Koi kahe, kehta rahe, kitna bhi humko deewanaHum logo ki, thokar mein hai yeh zamaana
The year was 2001. A group of young teenagers got together in a room, with glasses of cola float, and headbanged to this song, as it was was the concert of a lifetime. For them, it was.
Because that song, much like Dil Chahta Hai's entire soundtrack, became the sound of freedom, love, and friendship for a whole generation.
19 years ago, when Dil Chahta Hai released, it was certainly not the first Hindi-language film on friendship. But, it was rare in its treatment of the friendship, craziness, and the riot of emotions, that encompasses our youth.
Over the years, as generations changed from 'Gen X' to 'millennials', the feelings that the film captured, through clever writing and great music, continued to resonate with the youth.
Music composers Shankar-Ehsaan-Loy and lyricist Javed Akhtar gifted the audience an album that captured the spirit of adventure that is common to all 20-year-olds, while still retaining the individual rhythms that made each of the three leads - Sid, Sameer, and Aakash.
Here's a look at the songs that we listened to on our walkmans, prepared dances on, and even today, play on long drives and late nights:
Koi Kahe Kehta Rahe
The first song in the film, Koi Kahe, captured the sheer optimism and abandonment of our youth and brought singers, Shankar Mahadevan, Shaan, and KK, together for the first time. It's a reflection of the time where we truly believe the world is our oyster, and are not disillusioned by harsh realities.
Even today, every time this song plays, most of us are transported to the time where we had more confidence than sense. To be honest, sometimes, that's a good thing.
Dil Chahta Hai
The title track of the film is an ode to road trips, friends-like-family, and the 'good, old, days'. Honestly, if there was a song that summed up our sense of nostalgia and our fondness of youth, it's Dil Chahta Hai.
It beautifully captures the impossible yet undeniable desire to stop the passage of time, and stay in limbo, surrounded by great adventures and even greater friends. Also, are you even a 2000s kid if this song does not play during a road trip?
Woh Ladki Hai Kahan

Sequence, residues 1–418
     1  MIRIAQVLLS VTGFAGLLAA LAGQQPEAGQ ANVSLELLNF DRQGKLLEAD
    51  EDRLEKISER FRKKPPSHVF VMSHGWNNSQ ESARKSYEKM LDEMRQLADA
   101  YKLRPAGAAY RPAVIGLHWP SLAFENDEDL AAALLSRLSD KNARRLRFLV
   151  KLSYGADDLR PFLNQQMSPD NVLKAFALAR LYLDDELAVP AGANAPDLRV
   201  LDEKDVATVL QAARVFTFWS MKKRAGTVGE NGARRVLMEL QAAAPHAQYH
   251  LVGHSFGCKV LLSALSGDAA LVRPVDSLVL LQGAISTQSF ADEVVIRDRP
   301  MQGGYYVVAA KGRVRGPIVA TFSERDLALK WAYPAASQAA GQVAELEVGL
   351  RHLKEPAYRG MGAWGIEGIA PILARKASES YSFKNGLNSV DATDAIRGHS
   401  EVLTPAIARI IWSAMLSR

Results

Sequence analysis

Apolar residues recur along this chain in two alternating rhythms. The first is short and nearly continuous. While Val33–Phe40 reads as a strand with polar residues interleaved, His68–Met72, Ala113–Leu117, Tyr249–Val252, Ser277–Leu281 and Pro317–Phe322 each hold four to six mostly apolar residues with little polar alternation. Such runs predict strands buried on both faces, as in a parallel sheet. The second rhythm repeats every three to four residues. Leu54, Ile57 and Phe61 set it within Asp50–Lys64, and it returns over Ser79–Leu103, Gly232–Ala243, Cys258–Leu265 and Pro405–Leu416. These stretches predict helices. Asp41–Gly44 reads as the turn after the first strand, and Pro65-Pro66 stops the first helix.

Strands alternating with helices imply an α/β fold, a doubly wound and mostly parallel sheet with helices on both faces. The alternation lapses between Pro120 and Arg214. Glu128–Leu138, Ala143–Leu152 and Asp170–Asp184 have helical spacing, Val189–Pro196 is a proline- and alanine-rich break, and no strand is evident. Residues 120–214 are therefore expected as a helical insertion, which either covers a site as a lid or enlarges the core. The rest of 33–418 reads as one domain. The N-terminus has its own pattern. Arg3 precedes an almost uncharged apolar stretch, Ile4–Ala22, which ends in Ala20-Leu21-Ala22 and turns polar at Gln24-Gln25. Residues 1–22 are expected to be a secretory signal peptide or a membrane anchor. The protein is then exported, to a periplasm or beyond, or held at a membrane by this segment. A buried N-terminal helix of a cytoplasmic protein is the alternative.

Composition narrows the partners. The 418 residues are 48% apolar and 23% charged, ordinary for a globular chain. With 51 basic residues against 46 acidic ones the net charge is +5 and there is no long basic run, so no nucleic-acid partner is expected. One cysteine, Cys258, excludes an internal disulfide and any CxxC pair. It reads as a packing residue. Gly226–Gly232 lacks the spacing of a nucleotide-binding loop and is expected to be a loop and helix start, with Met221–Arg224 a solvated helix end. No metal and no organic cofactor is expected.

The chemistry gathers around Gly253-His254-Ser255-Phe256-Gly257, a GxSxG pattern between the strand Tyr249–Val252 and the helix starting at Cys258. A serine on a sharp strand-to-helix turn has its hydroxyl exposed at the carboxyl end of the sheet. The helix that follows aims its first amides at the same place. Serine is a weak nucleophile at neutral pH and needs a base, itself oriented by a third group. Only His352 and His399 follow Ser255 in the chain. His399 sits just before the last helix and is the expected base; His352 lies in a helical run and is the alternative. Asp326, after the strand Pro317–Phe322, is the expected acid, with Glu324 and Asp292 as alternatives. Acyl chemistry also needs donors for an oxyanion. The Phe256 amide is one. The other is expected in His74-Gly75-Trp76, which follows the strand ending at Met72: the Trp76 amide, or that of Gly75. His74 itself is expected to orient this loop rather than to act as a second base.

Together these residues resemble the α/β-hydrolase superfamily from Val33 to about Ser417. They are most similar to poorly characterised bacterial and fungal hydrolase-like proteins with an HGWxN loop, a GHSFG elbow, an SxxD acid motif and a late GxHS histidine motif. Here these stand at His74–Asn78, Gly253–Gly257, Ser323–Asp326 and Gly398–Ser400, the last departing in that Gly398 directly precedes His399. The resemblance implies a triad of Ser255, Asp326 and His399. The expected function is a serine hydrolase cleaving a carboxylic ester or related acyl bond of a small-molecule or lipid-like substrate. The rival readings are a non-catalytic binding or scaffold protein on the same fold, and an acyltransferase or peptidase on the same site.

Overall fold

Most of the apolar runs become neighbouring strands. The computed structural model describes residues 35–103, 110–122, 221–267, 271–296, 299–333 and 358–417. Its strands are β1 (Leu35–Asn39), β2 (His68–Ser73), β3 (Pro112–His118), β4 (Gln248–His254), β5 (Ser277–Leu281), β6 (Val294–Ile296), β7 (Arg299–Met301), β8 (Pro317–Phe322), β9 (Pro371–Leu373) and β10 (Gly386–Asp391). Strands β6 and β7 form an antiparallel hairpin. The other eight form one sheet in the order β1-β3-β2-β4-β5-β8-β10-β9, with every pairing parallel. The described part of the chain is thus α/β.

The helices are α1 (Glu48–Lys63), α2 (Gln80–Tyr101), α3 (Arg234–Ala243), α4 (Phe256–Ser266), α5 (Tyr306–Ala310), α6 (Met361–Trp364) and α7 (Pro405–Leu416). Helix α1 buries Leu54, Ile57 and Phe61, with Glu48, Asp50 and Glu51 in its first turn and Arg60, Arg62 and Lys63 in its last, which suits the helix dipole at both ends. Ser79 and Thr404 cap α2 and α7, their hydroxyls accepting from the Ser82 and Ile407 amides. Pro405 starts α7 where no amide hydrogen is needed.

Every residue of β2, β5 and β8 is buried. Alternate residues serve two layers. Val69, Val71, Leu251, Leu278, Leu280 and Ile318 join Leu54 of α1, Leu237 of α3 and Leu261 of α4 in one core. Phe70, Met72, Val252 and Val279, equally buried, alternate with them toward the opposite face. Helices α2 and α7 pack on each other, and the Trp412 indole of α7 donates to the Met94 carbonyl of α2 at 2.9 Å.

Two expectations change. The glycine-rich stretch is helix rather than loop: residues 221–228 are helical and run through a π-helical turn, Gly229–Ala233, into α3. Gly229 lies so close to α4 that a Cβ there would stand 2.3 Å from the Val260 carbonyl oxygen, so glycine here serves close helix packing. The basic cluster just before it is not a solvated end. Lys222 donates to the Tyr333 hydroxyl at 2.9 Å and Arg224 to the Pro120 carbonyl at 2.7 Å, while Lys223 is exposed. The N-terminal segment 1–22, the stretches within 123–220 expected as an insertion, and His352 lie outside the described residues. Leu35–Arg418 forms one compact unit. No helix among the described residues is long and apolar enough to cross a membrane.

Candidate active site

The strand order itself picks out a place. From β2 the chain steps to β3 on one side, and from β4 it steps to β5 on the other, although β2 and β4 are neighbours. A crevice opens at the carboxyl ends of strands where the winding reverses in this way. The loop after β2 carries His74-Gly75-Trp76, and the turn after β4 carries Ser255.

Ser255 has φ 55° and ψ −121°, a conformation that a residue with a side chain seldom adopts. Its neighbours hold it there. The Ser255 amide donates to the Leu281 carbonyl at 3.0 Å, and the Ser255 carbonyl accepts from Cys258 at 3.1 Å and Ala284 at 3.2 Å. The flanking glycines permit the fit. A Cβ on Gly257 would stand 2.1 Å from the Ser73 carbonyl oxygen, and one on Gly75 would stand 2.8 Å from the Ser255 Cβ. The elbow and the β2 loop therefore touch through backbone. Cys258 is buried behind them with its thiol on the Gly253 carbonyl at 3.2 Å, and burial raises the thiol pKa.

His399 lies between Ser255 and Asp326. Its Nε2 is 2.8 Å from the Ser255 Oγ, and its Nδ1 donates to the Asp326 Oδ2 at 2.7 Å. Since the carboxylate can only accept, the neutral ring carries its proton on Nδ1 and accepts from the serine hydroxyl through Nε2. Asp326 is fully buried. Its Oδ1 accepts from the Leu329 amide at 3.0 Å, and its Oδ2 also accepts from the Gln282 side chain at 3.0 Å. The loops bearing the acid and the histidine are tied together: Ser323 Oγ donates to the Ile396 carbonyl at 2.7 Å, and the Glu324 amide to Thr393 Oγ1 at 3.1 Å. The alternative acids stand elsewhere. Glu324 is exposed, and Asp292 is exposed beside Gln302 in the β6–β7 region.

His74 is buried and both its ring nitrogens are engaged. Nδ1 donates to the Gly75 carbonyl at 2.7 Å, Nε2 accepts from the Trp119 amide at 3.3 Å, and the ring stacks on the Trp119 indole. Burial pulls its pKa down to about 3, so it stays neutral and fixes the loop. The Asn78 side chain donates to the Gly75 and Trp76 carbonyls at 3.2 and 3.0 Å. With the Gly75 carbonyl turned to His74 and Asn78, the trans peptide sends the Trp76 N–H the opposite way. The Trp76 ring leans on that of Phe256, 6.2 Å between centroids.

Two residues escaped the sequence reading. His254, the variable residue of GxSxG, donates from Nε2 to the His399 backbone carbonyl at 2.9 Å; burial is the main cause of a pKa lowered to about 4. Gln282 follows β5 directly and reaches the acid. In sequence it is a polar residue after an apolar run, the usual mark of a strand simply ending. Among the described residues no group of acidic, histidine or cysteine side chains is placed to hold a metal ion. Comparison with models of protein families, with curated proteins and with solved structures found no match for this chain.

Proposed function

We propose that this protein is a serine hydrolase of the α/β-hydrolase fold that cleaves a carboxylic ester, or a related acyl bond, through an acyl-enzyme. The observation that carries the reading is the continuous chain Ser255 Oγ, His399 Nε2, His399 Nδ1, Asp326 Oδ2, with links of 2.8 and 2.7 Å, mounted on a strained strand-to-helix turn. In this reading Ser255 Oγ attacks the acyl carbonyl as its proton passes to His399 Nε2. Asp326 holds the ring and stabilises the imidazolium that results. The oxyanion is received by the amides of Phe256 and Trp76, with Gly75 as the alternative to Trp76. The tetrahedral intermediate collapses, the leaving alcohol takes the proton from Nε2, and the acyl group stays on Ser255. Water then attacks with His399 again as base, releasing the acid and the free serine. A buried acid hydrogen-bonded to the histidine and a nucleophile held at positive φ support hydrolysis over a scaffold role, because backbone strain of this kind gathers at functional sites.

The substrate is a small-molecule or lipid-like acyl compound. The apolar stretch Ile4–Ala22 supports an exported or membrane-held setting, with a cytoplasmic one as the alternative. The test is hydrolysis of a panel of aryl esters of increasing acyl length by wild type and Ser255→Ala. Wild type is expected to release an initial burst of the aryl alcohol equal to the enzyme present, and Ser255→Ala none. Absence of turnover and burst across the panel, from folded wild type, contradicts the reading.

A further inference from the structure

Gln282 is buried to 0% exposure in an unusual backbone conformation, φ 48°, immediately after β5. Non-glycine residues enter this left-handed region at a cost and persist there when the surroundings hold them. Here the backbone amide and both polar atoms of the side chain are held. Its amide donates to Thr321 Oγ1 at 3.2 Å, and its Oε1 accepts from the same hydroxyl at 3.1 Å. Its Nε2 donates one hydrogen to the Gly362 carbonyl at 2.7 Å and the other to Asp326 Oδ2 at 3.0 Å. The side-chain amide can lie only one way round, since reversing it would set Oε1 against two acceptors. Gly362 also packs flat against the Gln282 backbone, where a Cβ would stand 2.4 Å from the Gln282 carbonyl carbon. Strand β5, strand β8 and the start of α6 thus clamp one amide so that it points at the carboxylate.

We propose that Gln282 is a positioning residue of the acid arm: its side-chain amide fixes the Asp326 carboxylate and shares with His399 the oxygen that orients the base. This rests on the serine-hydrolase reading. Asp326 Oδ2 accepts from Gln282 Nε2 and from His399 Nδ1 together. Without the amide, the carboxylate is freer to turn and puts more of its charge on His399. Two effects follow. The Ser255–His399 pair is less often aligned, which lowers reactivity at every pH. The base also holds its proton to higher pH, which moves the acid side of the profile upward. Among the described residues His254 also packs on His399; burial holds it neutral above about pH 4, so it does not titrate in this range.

Long before 'viral dance moves' was even a thing, choreographer Farah Khan gave us the iconic hook step of Woh Ladki Hai Kahan.
This was the song for the hopeless romantic - Sameer. A guy who spent years being in love with the idea of love, before finally finding 'the one'.
Unlike Bollywood's Romeos, Sameer didn't mope his way through life, but rather, looked out for each new love adventure with renewed passion and romance. And that's the spirit of the song.
Kaisi Hai Yeh Rut
Kaisi Hai Yeh Rut was an expression of love's first touch. And it remains a reminder of the sheer joy of being in love, when your heart seems to swell in size, a constant smile is fixed on your face, and you feel like floating on air.
The love song for Sid was as beautiful and ethereal as the man it was picturized on - because truly, men like Sid are almost a dream in today's day and age.
The song that turned even a cynic into a poet - Jaane Kyun tells us the story of Aakash and Shalini. It's the quintessential story of opposites attract. But under Shankar-Ehsaan-Loy's skillful composition, even the age-old enemies-to-lovers story got a fresh new lease of life.
Tanhaai is an expression of Aakash's intense hurt. Because, for a guy who didn't believe in love, the helplessness and anguish of heartbreak are far more acute.
Though Kaisi Hai Yeh Rut is far more expressive in its lyrics, Tanhaai--the only 'sad' song from the album--feels far more evocative and powerful, thanks to Sonu Nigam's powerful vocals.
It's a testament to the composers and lyricist, that Dil Chahta Hai gave us three love songs, as unique as the characters they focused on, and yet, relatable AF.
Few songs have come close to understanding and expressing the bonds of friendship like the album of Dil Chahta Hai. So, here's to forever headbanging to Koi Kahe, playing Dil Chahta Hai on road trips, dancing to Woh Ladki, and crying on Tanhaai.
Design credits: Saransh Singh